The too short on travel RST fork was a hindrance (made the geometry too steep, and no dampening of course on a $300 bike meant that it blew through its 80mm of travel) as was the single wall rims and sometimes weak mechanical disk brakes.

    That said, if a rider had the desire to, it can be built into a decent bike (and yes, it's worthy as long as the owner feels that it is to THEM). I built one up into a nice budget Freeride bike and put it through the paces as I did with far more expensive bikes and it held its own.

    I had built that one with Deore components, a Rockshox Deluxe rear shock/Marzocchi All Mountain 3 fork, Azonic bar/stem/post, Sun rims on basic hubs, etc and it turned into a reliable and sturdy bike that more than handled the urban freeriding I did with it. No DH runs or major stunts, but stair gaps and loading dock drops didn't faze it for the four years I had it. I then sold it, and regretted selling it because it had turned into a fun bike to ride. Now I found a frame cheap and am going to build it into another budget Freeride bike/ heavy duty trailbike. I'll be keeping a video documentary of the build on my YouTube channel for anyone interested.
    Riding the Geese since '98! Check out my youtube videos at www.youtube.com/mongoosejake

  22. #22
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    There isn't value in upgrading a Blackcomb frame. Put that money aside and buy a better full suspension bike to begin with.

  23. #23
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    Quote Originally Posted by posey24 View Post
    SO i have this Mongoose Blackcomb and everyone hates on it... its not a Specialized or Chumba Racing i get it but WTF? Lets break it down... People say it has horrible components...i get that Walmart bike cant expect much.. now we're down to the frame whats wrong with the frame... its heavy ok... well jus an opinion and ive never actually raced but the fastest distance between 2 points is the straightest route right? so if the bike is heavier it will stay on the ground more correct? so no HUGE air which creates and arc and eliminates the straightest point.... and when it come to whoopd de doos it wont catch a whole lotta air so again straightest point and less likly hood for loss of control... any Blackcomb owners wanna put in their 4 cents or a dollar to this subject...

    My Blackcomb:
    Diamondback BMX Bigfoot Pedals(way comfortable)
    Avid BB7 Rear Brake set up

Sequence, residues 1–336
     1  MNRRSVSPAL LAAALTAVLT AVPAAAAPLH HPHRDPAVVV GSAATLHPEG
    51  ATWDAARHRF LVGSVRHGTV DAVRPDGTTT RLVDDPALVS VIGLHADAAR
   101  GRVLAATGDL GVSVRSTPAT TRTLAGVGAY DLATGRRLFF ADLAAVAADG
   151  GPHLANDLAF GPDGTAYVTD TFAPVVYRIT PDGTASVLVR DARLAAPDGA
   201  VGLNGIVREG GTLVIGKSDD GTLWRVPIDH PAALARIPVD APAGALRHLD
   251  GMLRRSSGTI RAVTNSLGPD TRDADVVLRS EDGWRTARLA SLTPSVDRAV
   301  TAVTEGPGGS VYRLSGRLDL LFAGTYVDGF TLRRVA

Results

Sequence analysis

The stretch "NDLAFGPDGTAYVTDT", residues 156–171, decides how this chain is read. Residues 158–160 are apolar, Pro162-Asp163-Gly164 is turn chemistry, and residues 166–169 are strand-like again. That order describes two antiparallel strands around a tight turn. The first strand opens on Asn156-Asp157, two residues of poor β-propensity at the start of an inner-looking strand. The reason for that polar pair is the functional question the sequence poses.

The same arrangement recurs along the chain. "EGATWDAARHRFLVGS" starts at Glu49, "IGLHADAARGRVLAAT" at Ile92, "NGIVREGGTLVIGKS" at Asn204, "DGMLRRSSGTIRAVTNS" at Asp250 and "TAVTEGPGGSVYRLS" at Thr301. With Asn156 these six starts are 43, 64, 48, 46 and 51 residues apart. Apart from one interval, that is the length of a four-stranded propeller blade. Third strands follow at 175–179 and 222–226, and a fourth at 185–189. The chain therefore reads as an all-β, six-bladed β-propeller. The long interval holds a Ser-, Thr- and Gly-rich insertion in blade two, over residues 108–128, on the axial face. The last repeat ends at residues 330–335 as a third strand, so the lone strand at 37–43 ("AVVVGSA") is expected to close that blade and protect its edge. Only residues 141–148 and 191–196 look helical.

Soon to be Fox Vanilla or Rock Shox Bar Rear Shock...
    LOL, Pure 24k gold, this whole thread is gold, its the funniest thread ive read in ages, im going to have to start coming to the mongoose forum to get my laughs from now on.
    OP, thanks for the laughs
    Dont ever let the truth get in the way of a funny story....

  24. #24
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    Quote Originally Posted by irishmongooserider View Post
    Sometimes this forum can be alot of unintentional comedy, lol.

    The Blackcomb is a $300 bike that actually has a very beefy mainframe, with a steel faux bar (not a true 4 bar Horst link) rear end that can handle alot of abuse. It comes stock with Acera/Atlus drivetrain components and early models had WTB tires and saddle.

    The too short on travel RST fork was a hindrance (made the geometry too steep, and no dampening of course on a $300 bike meant that it blew through its 80mm of travel) as was the single wall rims and sometimes weak mechanical disk brakes.

    That said, if a rider had the desire to, it can be built into a decent bike (and yes, it's worthy as long as the owner feels that it is to THEM). I built one up into a nice budget Freeride bike and put it through the paces as I did with far more expensive bikes and it held its own.

    I had built that one with Deore components, a Rockshox Deluxe rear shock/Marzocchi All Mountain 3 fork, Azonic bar/stem/post, Sun rims on basic hubs, etc and it turned into a reliable and sturdy bike that more than handled the urban freeriding I did with it. No DH runs or major stunts, but stair gaps and loading dock drops didn't faze it for the four years I had it. I then sold it, and regretted selling it because it had turned into a fun bike to ride. Now I found a frame cheap and am going to build it into another budget Freeride bike/ heavy duty trailbike. I'll be keeping a video documentary of the build on my YouTube channel for anyone interested.